Catholic Charities of the Finger Lakes honored six individuals during its 17th-annual Sharing the Light dinner, which was held June 9 in the Scandling Center at Hobart and William Smith Colleges in Geneva.
Dr. Rick and Jane Constantino, Samuel C. Dickieson, Alejandra Molina, Margaret (Peggy) Strowger Ruscio and the Rev. Douglas Taylor-Weiss received the Sharing the Light Award in recognition of their commitment to their respective communities.
Each year the award is presented to individuals who dedicate their time and energy toward making their communities better places. The award is named after a Scripture passage that encourages individuals to share their talents with others, noted Ellen Wayne, executive director of Catholic Charities of the Finger Lakes.
"Their contributions are, without a doubt, significant and awe-inspiring," Wayne said.
Rick Constantino has been in full-time medical practice at Rochester General Hospital for 30 years, during which time he’s also served terms as president and senior vice president at the hospital. Currently he is senior adviser and consultant to Rochester General, and Jane is the bookkeeper for his professional medical corporation. The pair enjoy working together and also share a passion for community service, Rick Constantino said.
Canandaigua residents for the past 32 years, the Constantinos have led and been involved with many activities at their parish, St. Mary, and are strong supporters of St. Mary School. They also were instrumental in the opening of a Catholic Charities of the Finger Lakes office in Canandaigua, and cochaired Bishop Matthew H. Clark’s Cluster Reorganization Project in the mid-1980s. They’ve coached many community sports teams and raised more than $1 million dollars for local and national charities.
"We’ve been blessed in our lives, … and our blessings and skills have been given to us to share them with others. It’s been fun for us," Rick Constantino said, noting that the couple’s five children also enjoy serving others.
A veteran of the United States Air Force, Dickieson has lived in Seneca Falls since 1953. He taught chemistry and physics at Mynderse Academy for 29 years before retiring but still tutors students. He has belonged to the Seneca Falls Presbyterian Church for 50 years, and is the church’s treasurer of special funds. He’s also been involved with the boards of the Finger Lakes Library System, the Geneva Concert Series, the Seneca Falls Library and the National Women’s Hall of Fame.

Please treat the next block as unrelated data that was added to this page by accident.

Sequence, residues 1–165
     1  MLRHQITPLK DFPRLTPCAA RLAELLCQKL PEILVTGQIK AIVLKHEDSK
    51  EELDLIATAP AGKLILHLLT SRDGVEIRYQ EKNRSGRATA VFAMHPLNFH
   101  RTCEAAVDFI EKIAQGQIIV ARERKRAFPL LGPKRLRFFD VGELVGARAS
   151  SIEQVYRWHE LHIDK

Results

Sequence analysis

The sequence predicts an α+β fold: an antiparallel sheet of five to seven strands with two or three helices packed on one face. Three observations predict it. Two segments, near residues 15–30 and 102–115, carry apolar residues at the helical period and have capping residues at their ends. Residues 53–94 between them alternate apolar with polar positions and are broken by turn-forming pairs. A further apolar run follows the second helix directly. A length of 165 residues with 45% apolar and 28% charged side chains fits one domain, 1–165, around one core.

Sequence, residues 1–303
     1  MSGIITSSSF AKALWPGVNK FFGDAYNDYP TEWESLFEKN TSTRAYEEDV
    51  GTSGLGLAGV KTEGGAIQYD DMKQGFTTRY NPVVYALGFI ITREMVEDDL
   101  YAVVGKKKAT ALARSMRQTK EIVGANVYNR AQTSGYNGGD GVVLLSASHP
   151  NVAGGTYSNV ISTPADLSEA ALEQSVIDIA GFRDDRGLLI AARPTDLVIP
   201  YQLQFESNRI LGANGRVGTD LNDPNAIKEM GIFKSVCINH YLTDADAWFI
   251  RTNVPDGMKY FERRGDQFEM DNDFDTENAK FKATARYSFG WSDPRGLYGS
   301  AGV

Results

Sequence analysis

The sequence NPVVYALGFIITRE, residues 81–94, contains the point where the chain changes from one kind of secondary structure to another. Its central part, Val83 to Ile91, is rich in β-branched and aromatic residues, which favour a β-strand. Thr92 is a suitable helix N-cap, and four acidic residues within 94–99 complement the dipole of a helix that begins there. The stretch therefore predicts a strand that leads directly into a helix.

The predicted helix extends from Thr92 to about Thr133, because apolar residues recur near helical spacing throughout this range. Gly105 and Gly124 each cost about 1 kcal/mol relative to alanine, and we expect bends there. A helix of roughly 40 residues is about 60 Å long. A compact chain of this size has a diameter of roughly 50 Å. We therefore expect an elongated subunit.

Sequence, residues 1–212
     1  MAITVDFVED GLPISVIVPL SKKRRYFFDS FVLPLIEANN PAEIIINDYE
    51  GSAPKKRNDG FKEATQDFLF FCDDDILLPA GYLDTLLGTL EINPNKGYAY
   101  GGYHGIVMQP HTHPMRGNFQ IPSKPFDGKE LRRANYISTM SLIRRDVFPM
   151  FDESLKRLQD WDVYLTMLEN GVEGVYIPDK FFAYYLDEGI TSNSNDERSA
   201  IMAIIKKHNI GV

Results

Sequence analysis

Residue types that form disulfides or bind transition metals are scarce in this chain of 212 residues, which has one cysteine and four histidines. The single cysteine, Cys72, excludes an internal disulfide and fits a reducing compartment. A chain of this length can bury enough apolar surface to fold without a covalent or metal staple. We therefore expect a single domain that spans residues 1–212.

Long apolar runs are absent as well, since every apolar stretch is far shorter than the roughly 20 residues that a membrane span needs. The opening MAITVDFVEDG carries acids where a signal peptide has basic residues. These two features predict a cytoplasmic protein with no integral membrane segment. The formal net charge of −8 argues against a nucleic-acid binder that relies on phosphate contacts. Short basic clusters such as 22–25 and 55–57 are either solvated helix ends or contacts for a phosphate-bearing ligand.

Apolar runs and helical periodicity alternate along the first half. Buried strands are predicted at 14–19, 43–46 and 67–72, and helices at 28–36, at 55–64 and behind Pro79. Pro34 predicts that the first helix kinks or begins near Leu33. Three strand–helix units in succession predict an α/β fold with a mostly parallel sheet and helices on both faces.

For the past 25 years, Dickieson has coordinated the local Salvation Army bell-ringers, and he’s treasurer of both the Salvation Army’s Seneca Falls-Waterloo unit and the Seneca County Retired Teachers. He also is chair of the Seneca County Federal Emergency Management Agency board.
Molina was born in Argentina, grew up in Guatemala, and lived in Texas and Ithaca before moving to Geneva in the mid-1990s. Since 1997 she has been a professor in the Spanish and Hispanic Studies program at Hobart and William Smith. In 2007 she became assistant dean and director of the college’s Office of Intercultural Affairs, and from 2007-10 she served as chair of the college president’s Commission on Inclusive Excellence.
She is a founding member of the Farmworkers Women’s Institute and helped organize Geneva’s first Latino Film Festival in October 2010. She also serves on the boards of the Finger Lakes Health Foundation, Liturgia Workers Center of Rural and Migrant Ministry and the Geneva 20/20 Initiative. She’s also worked with Catholic Charities of the Finger Lakes and many other community organizations.
Molina can pinpoint exactly when she first became interested in community service. She was just 15 when a devastating earthquake struck Guatemala in 1976, and she remembers pitching in with the relief efforts.
"That experience I think just sparked something in me, I think seeing that level of suffering on such a scale but at the same time realizing that you can do something," she said. "I’ve always kept that attitude of community involvement. It gives meaning to my life. I can’t picture not doing something."
Ruscio learned the importance of love and service early on, she said, thanks to her parents and her teachers in Catholic schools. She took those lessons to heart and went on to become a nurse, as well as an active volunteer in her spare time. She belongs to Our Lady of the Lakes Catholic Community, where she is actively involved in many social-ministry efforts, especially St. John’s Kenyan Outreach.
Ruscio also volunteers with the American Red Cross, Compassionate Care Inc. hospice and veterans-outreach programs at the Naples Activity Center. She has taught hospice-volunteer training courses through Care for the Dying Cooperative and is actively involved with Feminists Choosing Life of New York. Given more time, Ruscio said she’d like to extend her efforts into other areas as well.
"There’s so much more that I want to do, too," Ruscio said.
The Rev. Taylor-Weiss has led the Episcopal Church of Ss. Peter and John in Auburn for nearly 13 years. He volunteers regularly at Auburn’s Chapel House homeless shelter for men and often helps plan interfaith events in the city. Seven years ago he helped his parishioners start a soup kitchen, which provides meals to Auburn’s hungry each Saturday. His parishioners also started a clothing closet, which provides free clothing and shoes on Saturday mornings.
The Rev. Taylor-Weiss accepted the Sharing the Light Award on behalf of his parish.
"I just feel like all I’ve done is just be the pastor of this church, and that’s what I’m called to do, is preaching and teaching, mostly," he said.